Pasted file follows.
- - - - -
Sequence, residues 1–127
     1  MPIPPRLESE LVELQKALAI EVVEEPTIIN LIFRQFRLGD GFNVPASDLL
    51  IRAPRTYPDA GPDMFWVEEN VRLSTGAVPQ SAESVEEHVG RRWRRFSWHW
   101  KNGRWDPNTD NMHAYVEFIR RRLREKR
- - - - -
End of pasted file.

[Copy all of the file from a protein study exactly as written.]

Sequence, residues 1–127
     1  MPIPPRLESE LVELQKALAI EVVEEPTIIN LIFRQFRLGD GFNVPASDLL
    51  IRAPRTYPDA GPDMFWVEEN VRLSTGAVPQ SAESVEEHVG RRWRRFSWHW
   101  KNGRWDPNTD NMHAYVEFIR RRLREKR